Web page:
Revenue shuffle risks long-term entitlements of injured people

Revenue shuffle risks long-term entitlements of injured people

According to the Auditor General's report on the Annual Financial Report of the State of Victoria, which was tabled in Parliament on 14 November 2012, the government has been siphoning revenue from various authorities in order to meet its fiscal objectives. This includes dividends from the Victorian WorkCover Authority and the Transport Accident Commission (TAC), both of which support thousands of Victorians who have been injured and require medical treatment.

The Auditor General reported that in the 2011-2012 financial year, the government took the following amounts from the Schemes:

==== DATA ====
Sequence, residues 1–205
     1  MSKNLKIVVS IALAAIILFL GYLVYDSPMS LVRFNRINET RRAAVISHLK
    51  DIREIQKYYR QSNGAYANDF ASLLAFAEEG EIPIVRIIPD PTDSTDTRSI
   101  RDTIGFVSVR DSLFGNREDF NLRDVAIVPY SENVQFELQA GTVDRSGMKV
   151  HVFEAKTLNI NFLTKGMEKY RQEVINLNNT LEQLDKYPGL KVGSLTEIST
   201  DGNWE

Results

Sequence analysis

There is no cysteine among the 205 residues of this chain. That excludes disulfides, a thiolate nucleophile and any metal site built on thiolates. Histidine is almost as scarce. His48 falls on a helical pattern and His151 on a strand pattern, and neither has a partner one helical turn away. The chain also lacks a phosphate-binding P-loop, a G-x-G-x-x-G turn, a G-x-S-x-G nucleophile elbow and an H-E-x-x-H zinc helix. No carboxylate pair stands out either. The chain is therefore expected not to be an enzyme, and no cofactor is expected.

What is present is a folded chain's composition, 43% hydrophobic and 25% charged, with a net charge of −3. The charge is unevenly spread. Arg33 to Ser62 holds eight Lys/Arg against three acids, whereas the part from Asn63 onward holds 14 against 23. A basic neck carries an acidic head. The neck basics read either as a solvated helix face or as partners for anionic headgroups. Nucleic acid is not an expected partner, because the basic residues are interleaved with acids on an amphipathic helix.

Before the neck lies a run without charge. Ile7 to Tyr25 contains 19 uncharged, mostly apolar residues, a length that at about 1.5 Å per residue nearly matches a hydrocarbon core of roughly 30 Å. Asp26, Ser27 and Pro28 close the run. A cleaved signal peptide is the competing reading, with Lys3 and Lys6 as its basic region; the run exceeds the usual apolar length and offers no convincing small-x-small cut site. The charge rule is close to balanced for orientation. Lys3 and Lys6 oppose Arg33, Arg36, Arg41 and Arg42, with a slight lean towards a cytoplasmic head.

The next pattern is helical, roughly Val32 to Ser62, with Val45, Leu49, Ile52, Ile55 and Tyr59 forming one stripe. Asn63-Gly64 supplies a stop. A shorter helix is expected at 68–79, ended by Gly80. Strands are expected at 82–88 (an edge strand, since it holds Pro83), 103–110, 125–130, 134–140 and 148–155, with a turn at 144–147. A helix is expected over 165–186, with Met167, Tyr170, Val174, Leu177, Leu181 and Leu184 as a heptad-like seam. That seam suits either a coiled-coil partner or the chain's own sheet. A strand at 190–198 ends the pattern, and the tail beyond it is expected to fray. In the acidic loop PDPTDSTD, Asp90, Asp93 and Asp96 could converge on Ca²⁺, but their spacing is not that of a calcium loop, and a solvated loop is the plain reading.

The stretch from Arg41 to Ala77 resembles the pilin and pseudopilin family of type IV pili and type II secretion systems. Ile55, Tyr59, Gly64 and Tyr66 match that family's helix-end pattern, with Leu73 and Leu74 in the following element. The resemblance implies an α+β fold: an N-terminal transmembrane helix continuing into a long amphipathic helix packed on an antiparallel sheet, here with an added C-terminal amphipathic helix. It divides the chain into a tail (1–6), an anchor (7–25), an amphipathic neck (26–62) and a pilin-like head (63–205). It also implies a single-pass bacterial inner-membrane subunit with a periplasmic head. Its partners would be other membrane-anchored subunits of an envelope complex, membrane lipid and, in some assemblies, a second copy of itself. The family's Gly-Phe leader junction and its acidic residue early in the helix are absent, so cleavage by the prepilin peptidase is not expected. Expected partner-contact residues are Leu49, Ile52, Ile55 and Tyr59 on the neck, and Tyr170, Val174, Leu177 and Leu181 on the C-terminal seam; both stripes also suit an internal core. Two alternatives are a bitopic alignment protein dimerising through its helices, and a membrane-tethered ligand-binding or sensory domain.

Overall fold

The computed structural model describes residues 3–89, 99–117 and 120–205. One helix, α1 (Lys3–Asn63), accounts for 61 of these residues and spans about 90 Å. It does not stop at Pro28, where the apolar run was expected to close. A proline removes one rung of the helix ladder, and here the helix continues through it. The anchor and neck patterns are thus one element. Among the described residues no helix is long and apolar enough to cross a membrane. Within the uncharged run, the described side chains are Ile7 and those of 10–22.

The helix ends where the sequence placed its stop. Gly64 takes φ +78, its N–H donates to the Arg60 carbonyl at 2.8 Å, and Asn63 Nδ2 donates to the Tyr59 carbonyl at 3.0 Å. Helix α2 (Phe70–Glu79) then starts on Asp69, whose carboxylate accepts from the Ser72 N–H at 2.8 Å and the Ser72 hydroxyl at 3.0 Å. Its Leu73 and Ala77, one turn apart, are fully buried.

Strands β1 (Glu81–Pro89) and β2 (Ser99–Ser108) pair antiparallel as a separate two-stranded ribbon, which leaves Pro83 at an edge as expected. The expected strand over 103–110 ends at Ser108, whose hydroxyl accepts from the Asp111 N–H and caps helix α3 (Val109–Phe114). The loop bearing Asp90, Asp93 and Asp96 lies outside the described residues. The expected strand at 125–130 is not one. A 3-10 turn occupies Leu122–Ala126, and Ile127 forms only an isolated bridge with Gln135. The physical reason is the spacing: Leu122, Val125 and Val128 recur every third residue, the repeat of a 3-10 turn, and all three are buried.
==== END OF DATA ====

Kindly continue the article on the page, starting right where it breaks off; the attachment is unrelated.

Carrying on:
• $147 million from WorkCover and
  • $40 million from the TAC

These represent an increase on dividends paid to the government by the authorities in previous years. The dividend paid by the TAC was equivalent to 75% of its profit from insurance operations, up from 50% in the previous financial year. The 2011-2012 financial year was also the first year in which the Victorian WorkCover Authority was required to pay a dividend to the government.

According to the Auditor-General's report, the government's strategy is risky and relies on the ability of the TAC and WorkCover to either generate surplus or borrow to pay the dividend.

The report states that this strategy could risk the long-term financial sustainability of WorkCover and the TAC. Such findings are very concerning for the many injured people who rely on both the TAC and WorkCover for the provision of long-term medical assistance.

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